* Availability services to be its own company
* Revenue, profit declining in that segment
* Pioneering consortium deal from 2005
By Steve Bills
NEW YORK, Jan 30 (Buyouts Magazine) - By spinning off a unit
that represents about a third of the company, owners of SunGard
Data Systems Inc are separating two businesses going different
directions and giving themselves options for exiting the
SunGard announced on Jan. 24 that it planned to spin off its
disaster recovery business, which will retain the name SunGard
Availability Services. Both SunGard and SunGard Availability
Services will continue to be owned principally by the consortium
of private equity investment funds that took the Wayne,
Pennsylvania-based financial technology provider private in
August 2005. The tax-free transaction could occur as early as
the end of the first quarter.
When SunGard went private in an $11.4 billion buyout, it was
the largest privatization of a technology company ever and the
second-largest leveraged buyout at the time. Silver Lake
organized the group of buyers, whose other members are Bain
Capital, The Blackstone Group, Goldman Sachs Capital Partners,
Kohlberg Kravis Roberts & Co LP, Providence Equity
Partners and TPG Capital.
Neither Silver Lake nor SunGard responded by deadline to
Buyouts's requests for comment on whether the spinoff might be
intended to pave the way for the sale or IPO of one or both of
The company now is planning to amend $4.24 billion in loans
to back the spinoff, sources told sister service Thomson Reuters
Loan Pricing Corp.
The company is amending its $850 million revolver due March
2018 and $3.387 billion in term loan B tranches maturing in
various years from 2014 to 2020. Among other provisions, the
amendment would allow SunGard Availability Services to incur up
to $1.5 billion of debt in connection with the split.
Ratings agencies shrugged off the move, saying the spinoff
would have no immediate impact on SunGard's credit ratings.
Moody's Investors Service said it expects that total adjusted
debt-to-EBITDA will be over 6.5x upon close for the remaining
SunGard company. Moody's has a B2 corporate family rating on
SunGard, which means its debt is considered speculative and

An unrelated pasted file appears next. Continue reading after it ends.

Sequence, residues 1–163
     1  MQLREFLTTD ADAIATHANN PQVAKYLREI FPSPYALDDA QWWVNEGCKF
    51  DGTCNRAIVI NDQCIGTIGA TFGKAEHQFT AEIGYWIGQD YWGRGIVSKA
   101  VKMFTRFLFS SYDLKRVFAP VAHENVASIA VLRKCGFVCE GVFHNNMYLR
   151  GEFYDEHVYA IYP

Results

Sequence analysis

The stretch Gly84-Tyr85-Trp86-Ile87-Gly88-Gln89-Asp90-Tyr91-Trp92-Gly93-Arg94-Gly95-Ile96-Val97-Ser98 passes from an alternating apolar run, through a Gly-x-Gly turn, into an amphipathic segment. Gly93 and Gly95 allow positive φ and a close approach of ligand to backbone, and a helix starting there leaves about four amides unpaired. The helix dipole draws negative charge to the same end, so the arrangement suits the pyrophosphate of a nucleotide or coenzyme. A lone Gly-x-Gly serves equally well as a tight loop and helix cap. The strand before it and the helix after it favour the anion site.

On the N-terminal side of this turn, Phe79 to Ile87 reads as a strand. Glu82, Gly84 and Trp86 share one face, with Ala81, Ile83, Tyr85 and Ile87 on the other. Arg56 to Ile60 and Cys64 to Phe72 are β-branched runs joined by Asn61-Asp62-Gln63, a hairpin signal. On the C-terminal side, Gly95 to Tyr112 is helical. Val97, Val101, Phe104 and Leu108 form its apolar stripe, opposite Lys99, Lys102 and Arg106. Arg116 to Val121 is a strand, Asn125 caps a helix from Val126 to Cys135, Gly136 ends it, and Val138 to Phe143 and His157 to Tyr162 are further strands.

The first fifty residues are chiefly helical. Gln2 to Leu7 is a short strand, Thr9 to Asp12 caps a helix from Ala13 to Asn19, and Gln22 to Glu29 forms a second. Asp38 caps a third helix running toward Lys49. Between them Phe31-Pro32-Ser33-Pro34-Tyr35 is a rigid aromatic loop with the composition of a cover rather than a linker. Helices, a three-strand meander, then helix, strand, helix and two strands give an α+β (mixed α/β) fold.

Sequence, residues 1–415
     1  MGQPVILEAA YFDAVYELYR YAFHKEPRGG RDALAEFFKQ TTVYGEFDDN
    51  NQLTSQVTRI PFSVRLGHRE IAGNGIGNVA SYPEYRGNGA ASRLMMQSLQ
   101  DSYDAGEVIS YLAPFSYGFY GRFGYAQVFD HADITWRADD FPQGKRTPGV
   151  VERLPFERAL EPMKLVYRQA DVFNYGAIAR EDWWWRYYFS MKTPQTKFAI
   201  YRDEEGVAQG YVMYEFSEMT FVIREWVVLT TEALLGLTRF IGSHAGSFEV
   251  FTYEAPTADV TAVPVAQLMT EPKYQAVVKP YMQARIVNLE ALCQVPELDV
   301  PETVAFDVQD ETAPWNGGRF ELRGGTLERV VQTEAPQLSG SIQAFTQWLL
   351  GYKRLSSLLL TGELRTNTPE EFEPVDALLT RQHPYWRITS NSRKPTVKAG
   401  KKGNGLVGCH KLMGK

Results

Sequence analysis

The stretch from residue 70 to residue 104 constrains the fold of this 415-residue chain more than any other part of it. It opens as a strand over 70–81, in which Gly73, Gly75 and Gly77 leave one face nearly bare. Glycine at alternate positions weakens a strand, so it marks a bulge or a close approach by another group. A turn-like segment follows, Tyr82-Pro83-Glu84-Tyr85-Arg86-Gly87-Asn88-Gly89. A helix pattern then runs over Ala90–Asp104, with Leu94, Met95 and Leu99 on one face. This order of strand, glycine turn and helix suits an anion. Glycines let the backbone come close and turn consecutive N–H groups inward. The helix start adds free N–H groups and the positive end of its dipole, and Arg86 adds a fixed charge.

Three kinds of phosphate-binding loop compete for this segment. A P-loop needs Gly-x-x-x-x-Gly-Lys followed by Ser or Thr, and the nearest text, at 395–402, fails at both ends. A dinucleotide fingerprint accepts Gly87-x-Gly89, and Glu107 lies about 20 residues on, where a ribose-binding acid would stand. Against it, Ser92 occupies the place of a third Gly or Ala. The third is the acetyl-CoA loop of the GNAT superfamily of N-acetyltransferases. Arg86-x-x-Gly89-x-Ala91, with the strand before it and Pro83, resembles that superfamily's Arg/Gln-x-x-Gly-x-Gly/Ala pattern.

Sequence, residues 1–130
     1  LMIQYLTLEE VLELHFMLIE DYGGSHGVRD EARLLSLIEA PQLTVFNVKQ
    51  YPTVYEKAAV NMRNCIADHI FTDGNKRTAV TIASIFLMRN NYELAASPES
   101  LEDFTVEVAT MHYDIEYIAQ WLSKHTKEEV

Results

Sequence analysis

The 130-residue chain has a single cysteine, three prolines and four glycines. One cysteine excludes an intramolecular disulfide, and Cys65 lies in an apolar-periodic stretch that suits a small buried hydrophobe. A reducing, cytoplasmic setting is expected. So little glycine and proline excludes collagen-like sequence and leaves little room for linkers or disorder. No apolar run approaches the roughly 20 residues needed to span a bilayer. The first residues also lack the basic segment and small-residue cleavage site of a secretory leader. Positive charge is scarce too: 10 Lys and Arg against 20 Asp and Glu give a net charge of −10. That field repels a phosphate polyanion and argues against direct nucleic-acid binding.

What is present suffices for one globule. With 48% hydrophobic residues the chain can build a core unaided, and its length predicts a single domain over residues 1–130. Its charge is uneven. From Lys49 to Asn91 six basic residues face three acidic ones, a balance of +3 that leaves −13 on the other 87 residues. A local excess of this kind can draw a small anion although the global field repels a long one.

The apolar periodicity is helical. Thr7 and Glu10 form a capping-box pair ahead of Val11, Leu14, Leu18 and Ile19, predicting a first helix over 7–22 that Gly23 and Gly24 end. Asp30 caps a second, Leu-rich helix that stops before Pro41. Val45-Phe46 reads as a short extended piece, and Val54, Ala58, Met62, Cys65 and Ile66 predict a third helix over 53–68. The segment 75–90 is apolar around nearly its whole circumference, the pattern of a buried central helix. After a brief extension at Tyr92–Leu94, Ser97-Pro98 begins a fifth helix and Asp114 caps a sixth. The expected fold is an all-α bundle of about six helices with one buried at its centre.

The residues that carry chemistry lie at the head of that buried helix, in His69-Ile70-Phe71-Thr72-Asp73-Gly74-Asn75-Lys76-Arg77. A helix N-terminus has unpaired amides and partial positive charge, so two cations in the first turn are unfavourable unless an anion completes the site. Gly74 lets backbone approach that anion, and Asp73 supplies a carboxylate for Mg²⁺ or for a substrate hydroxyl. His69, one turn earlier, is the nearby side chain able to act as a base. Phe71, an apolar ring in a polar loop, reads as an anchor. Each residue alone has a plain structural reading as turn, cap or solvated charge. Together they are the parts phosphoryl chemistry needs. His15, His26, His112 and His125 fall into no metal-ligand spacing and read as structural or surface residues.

subject to high credit risk.
Moody's also offered insights on the diverging prospects of
the SunGard businesses. Its financial services operation, the
core of the surviving SunGard, has a "strong business profile"
with "low customer concentration, diverse product and service
line offerings, and broad geographic reach," Moody's said.
In addition, SunGard's products and services, including
processing systems for various kinds of financial companies,
should benefit from regulatory reforms. By contrast, Moody's
characterized the availability services business as "more
capital intensive and declining."
The company's latest quarterly report provides additional
detail on how financial services and availability services are
moving in opposite directions.
Financial services, the company's largest segment, generated
$635 million of revenue in the quarter ended Sept. 30, while
availability services accounted for about a third, $340 million,
of a total $1 billion revenue tally in the period. (SunGard's
relatively small public sector and education unit, which will
remain with the financial services company, accounted for the
remaining $53 million of revenue.)
More telling is the profitability trend of the segments.
Quarterly financial services revenue dropped 1 percent from the
same period last year, and availability dropped 2 percent, but
adjusted EBITDA rose 14 percent in financial services to $194
million, while it fell 11 percent for availability services, to
$ 108 million.
As a point of comparison, in 2005, the year it went private,
financial services provided $1.9 billion of SunGard's revenue,
availability $1.3 billion, and public sector and education $788
But the availability services business has changed
enormously. No longer do trucks carry spools of data tapes to
backup facilities for storage; instead, banks and other
companies back data up in real time, either mirroring
transactions to remote, but in-house, locations or backing up
their data to the cloud.
SunGard has introduced its own managed service for disaster
recovery, but it has not reversed the decline of availability
SunGard has been considering a spin-off of availability
services for at least two years. But after dropping a spinoff
plan in 2012, the company set a $720 million dividend recap, in
which it paid its first dividend since the buyout.